Cannes Notebook: Love Thy Neighbor
Somewhere on the road to Kansas City, riding in a van crammed with teenagers and thumping with hip-hop, I began to reflect on my countrymen. Well, it didn’t go quite like that, but travelogue is one important part of Andrea Arnold’s American Honey, which uses the van as a primary setting. Its passengers are a ragtag sales team hawking magazine subs, led by a chief seller (Shia LaBeouf) and overseer (Riley Keough). Arnold, a British director better known for her forays on her home turf, turns their perpetual road trip into a training ground for her adventurous protagonist, new recruit Star (Sasha Lane). We look at stretches of country from Kansas up to the Dakotas through Star’s perspective—yet palpably filtered through Arnold’s own hungry eyes, a perspective encouraged by the production’s adherence to low-budget travel during shooting. Rather than a coming-of-age tale, what we experience is something closer to a roving foreign correspondent’s viewpoint of America, as Star throws herself pell-mell into often dangerous situations for the love of seeing what’ll happen.
As Arnold collects people along the way—a quartet of identically addressed Cadillac cowboys, oil-rig workers, neglected kids of a meth addict—there’s a sense of curiosity and compassion about America (including the enthusiastic round of city-state introductions the teens give to each new arrival). Also showing at Cannes, Alain Guiraudie’s Staying Vertical does Arnold one better by featuring an actual traveling filmmaker as its main character, Leo (Damien Bonnard). Leo is soon waylaid after having a baby with a shepherdess, but while Guiraudie employs a gentle pastoral absurdism, the movie shows an evident affection for its stubborn backroads oddballs (not to mention the director’s fervent belief in the healthy polymorphic libido of the provinces). Another French filmmaker in Competition, Bruno Dumont, often cites a fondness for his customary setting of Brittany when discussing his films. But some added layer of perversity is at work in Slack Bay, an openly ridiculous story of early-20th-century gussied-up bourgeois ninnies encountering the savagery of fisherfolk. With Juliette Binoche and Fabrice Luchini acting like out-of-control animatronic dummies, alongside the usual Dumont gallery of nonprofessionals, it’s as if the filmmaker wants to show, after Li’l Quinquin, that he has an appreciation for the bizarre that extends across all classes.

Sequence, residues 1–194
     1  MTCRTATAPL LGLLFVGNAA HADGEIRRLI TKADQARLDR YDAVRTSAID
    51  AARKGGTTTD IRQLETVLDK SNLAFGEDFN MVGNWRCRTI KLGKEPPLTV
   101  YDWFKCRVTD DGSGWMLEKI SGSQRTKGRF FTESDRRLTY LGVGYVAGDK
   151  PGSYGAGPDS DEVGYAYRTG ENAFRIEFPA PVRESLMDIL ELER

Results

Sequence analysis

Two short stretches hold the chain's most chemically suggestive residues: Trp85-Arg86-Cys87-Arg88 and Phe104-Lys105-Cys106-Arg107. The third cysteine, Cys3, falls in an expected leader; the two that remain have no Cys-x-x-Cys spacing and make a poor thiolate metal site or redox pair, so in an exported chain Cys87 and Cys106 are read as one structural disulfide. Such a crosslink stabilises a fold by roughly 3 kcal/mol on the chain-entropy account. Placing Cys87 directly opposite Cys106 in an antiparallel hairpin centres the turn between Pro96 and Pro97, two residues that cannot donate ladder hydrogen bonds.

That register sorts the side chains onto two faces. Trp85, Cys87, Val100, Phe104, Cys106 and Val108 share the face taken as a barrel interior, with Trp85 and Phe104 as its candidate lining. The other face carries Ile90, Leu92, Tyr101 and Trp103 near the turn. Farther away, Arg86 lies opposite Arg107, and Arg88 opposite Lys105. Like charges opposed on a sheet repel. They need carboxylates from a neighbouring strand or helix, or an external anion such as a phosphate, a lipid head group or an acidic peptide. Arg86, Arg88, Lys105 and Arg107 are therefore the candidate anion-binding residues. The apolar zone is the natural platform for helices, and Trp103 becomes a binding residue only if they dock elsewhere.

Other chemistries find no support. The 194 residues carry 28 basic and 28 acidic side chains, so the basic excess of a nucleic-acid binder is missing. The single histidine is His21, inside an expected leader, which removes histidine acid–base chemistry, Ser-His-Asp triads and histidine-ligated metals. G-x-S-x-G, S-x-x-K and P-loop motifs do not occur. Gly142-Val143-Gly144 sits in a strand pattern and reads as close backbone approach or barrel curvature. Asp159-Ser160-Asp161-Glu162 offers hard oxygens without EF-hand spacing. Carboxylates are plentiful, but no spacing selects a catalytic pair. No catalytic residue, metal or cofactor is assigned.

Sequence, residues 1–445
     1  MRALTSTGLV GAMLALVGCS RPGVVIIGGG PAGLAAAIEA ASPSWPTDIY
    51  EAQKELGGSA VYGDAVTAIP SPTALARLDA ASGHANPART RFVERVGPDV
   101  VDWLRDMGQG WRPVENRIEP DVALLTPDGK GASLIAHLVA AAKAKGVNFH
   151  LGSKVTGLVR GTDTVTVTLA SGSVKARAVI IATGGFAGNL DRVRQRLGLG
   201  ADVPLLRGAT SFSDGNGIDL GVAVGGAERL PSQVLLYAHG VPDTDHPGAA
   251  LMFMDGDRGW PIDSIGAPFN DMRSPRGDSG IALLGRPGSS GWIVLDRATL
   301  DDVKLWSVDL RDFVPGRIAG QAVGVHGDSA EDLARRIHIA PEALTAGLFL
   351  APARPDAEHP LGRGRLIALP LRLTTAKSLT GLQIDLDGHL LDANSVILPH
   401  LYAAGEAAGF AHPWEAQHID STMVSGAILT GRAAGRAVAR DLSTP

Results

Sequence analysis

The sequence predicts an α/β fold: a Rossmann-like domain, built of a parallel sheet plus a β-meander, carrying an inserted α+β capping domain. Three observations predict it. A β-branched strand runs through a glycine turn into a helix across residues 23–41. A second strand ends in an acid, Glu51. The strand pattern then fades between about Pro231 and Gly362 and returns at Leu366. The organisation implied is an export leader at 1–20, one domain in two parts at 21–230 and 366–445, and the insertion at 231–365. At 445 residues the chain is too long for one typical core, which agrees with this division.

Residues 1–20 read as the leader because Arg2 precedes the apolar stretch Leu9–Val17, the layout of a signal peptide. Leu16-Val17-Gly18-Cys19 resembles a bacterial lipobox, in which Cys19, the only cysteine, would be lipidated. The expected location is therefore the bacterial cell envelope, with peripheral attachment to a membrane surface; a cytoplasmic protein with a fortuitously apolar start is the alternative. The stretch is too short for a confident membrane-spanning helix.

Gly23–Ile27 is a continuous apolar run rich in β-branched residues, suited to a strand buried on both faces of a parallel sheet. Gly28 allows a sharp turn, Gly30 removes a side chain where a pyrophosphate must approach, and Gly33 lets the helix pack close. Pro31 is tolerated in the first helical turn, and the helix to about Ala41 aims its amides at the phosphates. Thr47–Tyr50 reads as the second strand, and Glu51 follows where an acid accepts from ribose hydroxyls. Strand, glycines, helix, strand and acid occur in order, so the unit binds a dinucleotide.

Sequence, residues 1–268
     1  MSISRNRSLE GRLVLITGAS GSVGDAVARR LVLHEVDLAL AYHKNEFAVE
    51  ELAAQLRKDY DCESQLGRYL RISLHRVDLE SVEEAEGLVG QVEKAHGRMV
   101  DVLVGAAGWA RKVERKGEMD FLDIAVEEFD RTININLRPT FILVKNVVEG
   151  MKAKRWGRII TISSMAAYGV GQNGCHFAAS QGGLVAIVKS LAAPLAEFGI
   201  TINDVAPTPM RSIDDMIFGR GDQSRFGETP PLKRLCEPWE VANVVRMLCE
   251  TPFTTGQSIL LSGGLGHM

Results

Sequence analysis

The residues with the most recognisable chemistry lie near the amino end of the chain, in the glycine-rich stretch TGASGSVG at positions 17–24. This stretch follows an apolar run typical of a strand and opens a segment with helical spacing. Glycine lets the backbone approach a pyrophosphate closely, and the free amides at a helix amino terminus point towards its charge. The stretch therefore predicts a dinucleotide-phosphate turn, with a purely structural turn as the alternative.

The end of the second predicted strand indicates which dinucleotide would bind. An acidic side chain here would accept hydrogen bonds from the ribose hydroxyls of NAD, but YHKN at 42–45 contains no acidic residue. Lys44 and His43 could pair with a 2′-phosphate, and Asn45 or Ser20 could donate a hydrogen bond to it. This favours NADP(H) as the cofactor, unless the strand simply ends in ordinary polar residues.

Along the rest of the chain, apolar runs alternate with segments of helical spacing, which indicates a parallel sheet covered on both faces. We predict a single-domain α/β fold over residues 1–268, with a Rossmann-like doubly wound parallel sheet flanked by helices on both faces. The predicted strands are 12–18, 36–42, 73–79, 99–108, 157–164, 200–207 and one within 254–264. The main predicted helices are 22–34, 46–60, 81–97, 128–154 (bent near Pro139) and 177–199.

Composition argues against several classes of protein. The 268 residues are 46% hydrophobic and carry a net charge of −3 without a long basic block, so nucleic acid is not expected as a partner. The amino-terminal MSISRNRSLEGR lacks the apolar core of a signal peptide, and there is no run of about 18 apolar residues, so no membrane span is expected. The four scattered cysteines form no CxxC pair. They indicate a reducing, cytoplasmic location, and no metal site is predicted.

The above films showed in Competition, but in Critics’ Week, the Turkish film Album offered its own heightened portrait of a people. In his diligently stylized debut feature, Mehmet Can Mertoglu follows a middle-class urban couple who furtively adopt a child and go through the often uncouth paces of their lives. Mertoglu frequently uses deep staging and square framing that tend to keep the couple, and the friends and cops they encounter, at a certain comic, even cartoonish distance; sharply defined sound pops out of the screen whenever they laugh or bicker or slurp up food. Not that there’s anything wrong with that necessarily, but when I had a chance to talk to the filmmaker, I asked whether he felt he was edging into parody. “I think it’s a pretty naturalistic, pretty realistic portrayal of the people in Turkey,” Mertoglu said in his interview, while also averring that he’s a “big fan” of Roy Andersson. The couple appear to be caring parents, despite their foibles, yet he maintains a distance from his creations: “I’m not a big fan of them, but I can’t say I don’t like them. I feel no sympathy, but I feel no hatred or repulsion for those characters. It’s a result of how they’ve been brought up. It’s how they are.” That last sentence has been the response of many filmmakers asked about the line between portrait and caricature of class and national identity, and as ever, Cannes features examples that are all over the map.